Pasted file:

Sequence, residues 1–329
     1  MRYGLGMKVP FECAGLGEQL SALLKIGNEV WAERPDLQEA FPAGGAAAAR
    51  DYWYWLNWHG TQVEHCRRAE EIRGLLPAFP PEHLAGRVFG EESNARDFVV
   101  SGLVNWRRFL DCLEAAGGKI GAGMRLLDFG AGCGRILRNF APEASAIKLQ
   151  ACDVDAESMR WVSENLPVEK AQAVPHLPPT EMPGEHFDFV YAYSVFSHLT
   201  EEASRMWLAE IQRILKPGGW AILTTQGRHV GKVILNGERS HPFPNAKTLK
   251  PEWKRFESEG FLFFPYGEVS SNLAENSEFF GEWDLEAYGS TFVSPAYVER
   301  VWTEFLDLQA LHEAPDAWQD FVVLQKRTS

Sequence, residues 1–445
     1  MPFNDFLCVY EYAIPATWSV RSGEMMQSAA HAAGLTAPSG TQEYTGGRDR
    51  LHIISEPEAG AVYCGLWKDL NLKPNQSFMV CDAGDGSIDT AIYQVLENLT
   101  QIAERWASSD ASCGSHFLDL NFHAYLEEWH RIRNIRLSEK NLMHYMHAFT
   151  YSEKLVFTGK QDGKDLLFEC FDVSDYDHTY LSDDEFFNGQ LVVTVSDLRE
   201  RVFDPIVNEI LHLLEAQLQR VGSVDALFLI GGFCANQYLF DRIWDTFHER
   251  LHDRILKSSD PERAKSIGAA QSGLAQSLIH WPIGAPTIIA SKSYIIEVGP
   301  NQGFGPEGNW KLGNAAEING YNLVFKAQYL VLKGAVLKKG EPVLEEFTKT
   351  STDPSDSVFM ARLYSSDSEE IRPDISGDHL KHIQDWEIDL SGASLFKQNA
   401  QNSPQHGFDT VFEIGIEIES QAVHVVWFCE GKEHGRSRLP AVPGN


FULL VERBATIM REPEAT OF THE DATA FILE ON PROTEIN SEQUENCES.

Sequence, residues 1–329
     1  MRYGLGMKVP FECAGLGEQL SALLKIGNEV WAERPDLQEA FPAGGAAAAR
    51  DYWYWLNWHG TQVEHCRRAE EIRGLLPAFP PEHLAGRVFG EESNARDFVV
   101  SGLVNWRRFL DCLEAAGGKI GAGMRLLDFG AGCGRILRNF APEASAIKLQ
   151  ACDVDAESMR WVSENLPVEK AQAVPHLPPT EMPGEHFDFV YAYSVFSHLT
   201  EEASRMWLAE IQRILKPGGW AILTTQGRHV GKVILNGERS HPFPNAKTLK
   251  PEWKRFESEG FLFFPYGEVS SNLAENSEFF GEWDLEAYGS TFVSPAYVER
   301  VWTEFLDLQA LHEAPDAWQD FVVLQKRTS

Sequence, residues 1–445
     1  MPFNDFLCVY EYAIPATWSV RSGEMMQSAA HAAGLTAPSG TQEYTGGRDR
    51  LHIISEPEAG AVYCGLWKDL NLKPNQSFMV CDAGDGSIDT AIYQVLENLT
   101  QIAERWASSD ASCGSHFLDL NFHAYLEEWH RIRNIRLSEK NLMHYMHAFT
   151  YSEKLVFTGK QDGKDLLFEC FDVSDYDHTY LSDDEFFNGQ LVVTVSDLRE
   201  RVFDPIVNEI LHLLEAQLQR VGSVDALFLI GGFCANQYLF DRIWDTFHER
   251  LHDRILKSSD PERAKSIGAA QSGLAQSLIH WPIGAPTIIA SKSYIIEVGP
   301  NQGFGPEGNW KLGNAAEING YNLVFKAQYL VLKGAVLKKG EPVLEEFTKT
   351  STDPSDSVFM ARLYSSDSEE IRPDISGDHL KHIQDWEIDL SGASLFKQNA
   401  QNSPQHGFDT VFEIGIEIES QAVHVVWFCE GKEHGRSRLP AVPGN